White Hardwood Floors: Sacrilege, or Serenity?
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White Hardwood Floors: Sacrilege, or Serenity?

Painting over your hardwoods reflects more light. But there’s a cost…

By Angelica Frey
Fri, Oct 15, 2021Grey Clock 3 min

In August, social media lightning rod and artist Caroline Calloway decided to do some spur-of-the-moment home renovations. With piles of clothes and books still on the ground of her Manhattan apartment, she took white paint to all of the hardwood floors. She documented the process on her social media and an uproar ensued. Commenters on Twitter, where it became a trending topic in the U.S., were entertained and mortified about the seemingly slapdash paint job.

Calloway, who has drawn attention with her homemade ornate candles and sparkly collage art, says the white floors are in step with a new aesthetic. “Before, I was a maximal maximalist, and now I am a minimal maximalist,” she says. The inspiration for her white floors simply came from pictures Calloway saw on Pinterest. “They looked really good, and I want my home to look really good.”

The hashtags #whitefloor and #painttok on TikTok show enthused home renovators—both amateurs and professionals alike—opting for stark, white floors over their traditional ones. Redoing wooden floors taps into consumer demand for sustainability and upcycling, and the bucolic-inspired cottagecore aesthetic, which came to define 2020 and a pandemic spent indoors.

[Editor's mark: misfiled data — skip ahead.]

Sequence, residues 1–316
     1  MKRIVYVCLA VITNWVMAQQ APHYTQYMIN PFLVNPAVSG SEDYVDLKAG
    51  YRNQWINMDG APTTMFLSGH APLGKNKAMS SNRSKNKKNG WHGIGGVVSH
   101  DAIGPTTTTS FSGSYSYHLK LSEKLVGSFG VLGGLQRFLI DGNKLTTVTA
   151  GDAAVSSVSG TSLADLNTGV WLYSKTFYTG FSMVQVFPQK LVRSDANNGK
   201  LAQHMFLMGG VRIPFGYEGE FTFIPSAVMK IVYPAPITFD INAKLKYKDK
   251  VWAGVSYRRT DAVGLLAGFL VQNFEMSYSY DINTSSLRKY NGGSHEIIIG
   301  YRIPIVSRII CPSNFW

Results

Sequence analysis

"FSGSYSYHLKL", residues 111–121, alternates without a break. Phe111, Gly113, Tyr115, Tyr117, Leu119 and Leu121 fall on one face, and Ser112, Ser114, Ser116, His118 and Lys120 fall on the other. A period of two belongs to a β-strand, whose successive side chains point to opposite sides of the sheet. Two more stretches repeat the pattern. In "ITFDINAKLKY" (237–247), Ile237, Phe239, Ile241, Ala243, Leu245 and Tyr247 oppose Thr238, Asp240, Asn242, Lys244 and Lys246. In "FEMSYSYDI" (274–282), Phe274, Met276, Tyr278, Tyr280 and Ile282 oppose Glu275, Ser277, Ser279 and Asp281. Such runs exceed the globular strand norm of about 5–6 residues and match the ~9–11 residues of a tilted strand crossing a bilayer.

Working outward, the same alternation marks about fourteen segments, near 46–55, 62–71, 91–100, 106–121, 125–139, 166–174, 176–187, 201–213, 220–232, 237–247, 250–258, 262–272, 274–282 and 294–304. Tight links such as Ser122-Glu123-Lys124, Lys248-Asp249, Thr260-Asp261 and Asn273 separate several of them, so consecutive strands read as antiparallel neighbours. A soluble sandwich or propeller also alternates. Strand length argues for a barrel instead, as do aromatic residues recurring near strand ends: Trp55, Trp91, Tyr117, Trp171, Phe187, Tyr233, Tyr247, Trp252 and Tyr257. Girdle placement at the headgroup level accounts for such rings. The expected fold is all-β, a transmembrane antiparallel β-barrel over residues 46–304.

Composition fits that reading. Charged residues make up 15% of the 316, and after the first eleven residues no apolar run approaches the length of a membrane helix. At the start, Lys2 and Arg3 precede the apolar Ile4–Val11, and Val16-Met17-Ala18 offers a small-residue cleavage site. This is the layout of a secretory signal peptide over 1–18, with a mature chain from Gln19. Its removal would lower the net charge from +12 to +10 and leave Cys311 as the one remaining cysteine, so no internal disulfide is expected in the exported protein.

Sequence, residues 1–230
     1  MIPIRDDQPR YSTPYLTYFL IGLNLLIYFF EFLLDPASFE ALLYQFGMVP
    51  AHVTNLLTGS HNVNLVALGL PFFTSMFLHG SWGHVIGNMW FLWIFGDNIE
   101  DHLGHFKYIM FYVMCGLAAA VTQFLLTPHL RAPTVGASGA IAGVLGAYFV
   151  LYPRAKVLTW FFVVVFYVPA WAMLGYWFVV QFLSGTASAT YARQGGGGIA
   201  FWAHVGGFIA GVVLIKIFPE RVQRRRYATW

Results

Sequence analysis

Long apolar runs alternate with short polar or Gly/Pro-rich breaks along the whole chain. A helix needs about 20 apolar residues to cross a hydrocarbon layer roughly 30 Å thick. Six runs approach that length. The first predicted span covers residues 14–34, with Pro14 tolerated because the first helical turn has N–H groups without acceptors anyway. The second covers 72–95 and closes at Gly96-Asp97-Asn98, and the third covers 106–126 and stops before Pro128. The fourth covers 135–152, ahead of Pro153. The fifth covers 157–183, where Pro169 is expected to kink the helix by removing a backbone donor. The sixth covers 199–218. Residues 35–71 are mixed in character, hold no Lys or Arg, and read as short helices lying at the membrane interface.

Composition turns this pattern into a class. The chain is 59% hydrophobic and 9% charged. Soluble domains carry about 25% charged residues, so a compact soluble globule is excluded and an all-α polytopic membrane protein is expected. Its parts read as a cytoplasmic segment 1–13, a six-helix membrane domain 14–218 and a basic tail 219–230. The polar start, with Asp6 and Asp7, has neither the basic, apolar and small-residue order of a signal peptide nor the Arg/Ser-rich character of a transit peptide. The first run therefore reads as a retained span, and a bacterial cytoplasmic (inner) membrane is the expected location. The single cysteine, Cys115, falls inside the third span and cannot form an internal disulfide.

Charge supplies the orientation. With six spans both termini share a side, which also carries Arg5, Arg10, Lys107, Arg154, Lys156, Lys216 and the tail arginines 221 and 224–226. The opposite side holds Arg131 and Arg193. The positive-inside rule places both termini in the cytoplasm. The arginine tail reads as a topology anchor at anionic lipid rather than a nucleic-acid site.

“Painted floorboards create a shabby-chic feel that is both welcoming and textural,” says Gemma Riberti, head of interiors at the trend forecasting agency WGSN.

Content creator Brigette Muller posted a TikTok video in July of her finishing painting her wood floors to more than 400,000 views. Muller, who draws inspiration from French and Victorian decorative styles, had actually just moved into a new apartment that already came with white floors. She painted over them to get her desired, warmer shade of white. “White floors have this lived-in, nostalgic quality that just seems to fit perfectly with my overall style,” she says.

Painting wood floors has broad appeal across generations. Lori Guyer, who owns the antique store White Flower Farmhouse in the North Fork of Long Island specializes in renovation works on a budget. She says she’s been painting wooden floors since around 1995, shortly after she and her husband started their family. “I was trying to make a nice home for a family, and I painted floors, I painted furniture, and I did whatever I could do on a shoestring budget,” she says.

In Scandinavia, white floors make the most of available light. Interior designer Karolina Törnqvist, founder of Studio Törnqvist, based in both London and Stockholm, says that it’s something that has been done in Sweden for centuries, dating back to country cottages painting checkered patterns using white on wood floors around the 1700s. It was a cost-effective way to replicate the patterns in checkered stone floors that were found in France and England.